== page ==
Types of Axes: An In-Depth Guide for Survivalists & Woodsmen

Axes have a really long history. Back then, they were mainly used as a weapon and hunting tool.

These days, axes are widely used for professional carpentry and woodworking. Some people also rely on them for survival purposes.

Because there are different types of axes, it’s important that you know what each one does. This will help you find the best one for your needs and tasks.

But before that, it’s a good idea to understand what the tool means first.

Quick Navigation
What Is An Axe?
Axes for Work
    1. Splitting Axe
    2. Hatchet
    3. Broad Axe
    4. Felling Axe
    5. Carpenter’s Axe
    6. Double Bit Axe
    7. Miner’s Axe
    8. Dayton Axe
    9. Fireman’s Axe
Axes for Survival
Axes for War and Combat
Axes for Other Tasks
Axe Materials: Which One is The Best?
    Axe Handles
    Axe Heads

What Is An Axe?

An axe is basically a tool. It’s designed with a steel blade or heavy iron attached to a long handle which is often made of wood.

An axe has several parts. Below is a quick overview of each one.

Head

This is the entire steel portion of the axe. Basically, it’s the part that cuts.

These days, axe heads are made from different kinds of steel. However, in the past, they used to be made of stones. This is one good reason why they were popular during the Stone Age.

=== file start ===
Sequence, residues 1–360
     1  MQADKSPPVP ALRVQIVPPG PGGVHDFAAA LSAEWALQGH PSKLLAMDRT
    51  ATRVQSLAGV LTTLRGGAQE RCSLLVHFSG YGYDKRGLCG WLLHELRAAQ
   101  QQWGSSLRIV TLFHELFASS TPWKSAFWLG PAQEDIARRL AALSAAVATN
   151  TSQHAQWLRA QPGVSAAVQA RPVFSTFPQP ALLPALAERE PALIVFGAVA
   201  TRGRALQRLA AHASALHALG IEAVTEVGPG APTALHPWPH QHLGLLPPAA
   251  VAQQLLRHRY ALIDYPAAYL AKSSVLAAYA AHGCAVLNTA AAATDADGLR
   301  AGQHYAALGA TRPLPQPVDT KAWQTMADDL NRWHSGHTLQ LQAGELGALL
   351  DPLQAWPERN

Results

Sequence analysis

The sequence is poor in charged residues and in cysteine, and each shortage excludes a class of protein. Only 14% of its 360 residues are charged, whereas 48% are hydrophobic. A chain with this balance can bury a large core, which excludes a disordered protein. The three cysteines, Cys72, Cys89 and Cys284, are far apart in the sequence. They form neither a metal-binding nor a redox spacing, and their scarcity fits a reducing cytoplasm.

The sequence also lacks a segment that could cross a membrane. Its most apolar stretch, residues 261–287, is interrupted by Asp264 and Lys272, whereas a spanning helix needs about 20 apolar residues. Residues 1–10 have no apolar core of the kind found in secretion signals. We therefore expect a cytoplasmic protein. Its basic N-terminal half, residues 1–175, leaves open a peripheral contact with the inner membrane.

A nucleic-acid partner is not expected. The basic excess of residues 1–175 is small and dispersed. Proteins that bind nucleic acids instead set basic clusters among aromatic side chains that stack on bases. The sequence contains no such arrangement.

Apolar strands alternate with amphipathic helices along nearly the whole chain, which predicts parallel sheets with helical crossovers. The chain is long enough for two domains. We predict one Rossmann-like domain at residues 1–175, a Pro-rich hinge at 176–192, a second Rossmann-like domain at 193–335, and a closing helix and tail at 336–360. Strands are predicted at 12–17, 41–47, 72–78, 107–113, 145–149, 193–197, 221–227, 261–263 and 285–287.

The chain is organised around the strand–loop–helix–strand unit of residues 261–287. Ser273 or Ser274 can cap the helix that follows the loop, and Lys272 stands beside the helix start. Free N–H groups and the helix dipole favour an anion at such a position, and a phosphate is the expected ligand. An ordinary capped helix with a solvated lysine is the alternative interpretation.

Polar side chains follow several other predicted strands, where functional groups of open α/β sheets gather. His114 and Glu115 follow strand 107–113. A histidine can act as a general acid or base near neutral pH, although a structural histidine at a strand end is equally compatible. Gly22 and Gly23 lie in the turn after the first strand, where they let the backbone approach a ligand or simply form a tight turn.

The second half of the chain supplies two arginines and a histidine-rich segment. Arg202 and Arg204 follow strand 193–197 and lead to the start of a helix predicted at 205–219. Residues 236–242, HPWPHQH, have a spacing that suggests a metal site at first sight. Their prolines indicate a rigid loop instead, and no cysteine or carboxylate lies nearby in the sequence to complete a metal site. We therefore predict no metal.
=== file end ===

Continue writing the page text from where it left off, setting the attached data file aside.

Eye

This is the part where the handle goes through. You’ll typically get a better view of this part if you take a look at the top part of the head.

Take note that not all axes are designed to have an eye. Some types are designed with a composite handle so there’s no need for an eye.

Bit

This is the cutting edge of the axe. Also called as ’blade’, it’s often made with a stronger type of steel.

Some axes have a single bit while others have double bits. A double bit axe has two cutting edges.

Toe

This part refers to the cutting edge’s top corner. It earned its name from the idea that the toe is typically the body part that’s removed from careless woodsmen.

Heel

This is the bottom corner of your axe’s cutting edge.

Beard

The beard is different from the heel of an axe head. To avoid getting confused, this is the concave part of your axe’s head that goes from the handle and ends at the bit’s heel.

A bearded axe allows its users to grip the shaft right behind the head for shaving or planing wood.

Cheek

The cheek is the side of the head. You’ll find it on either side of your axe.

Poll

This is the very back part of your axe head. Also called as ‘butt’, you can actually use this part as a hammer.

Handle

In the past centuries, handles were made using different kinds of wood. However, as modern techniques emerged, people started using composite materials. Compared with wood, they are stronger and heavier.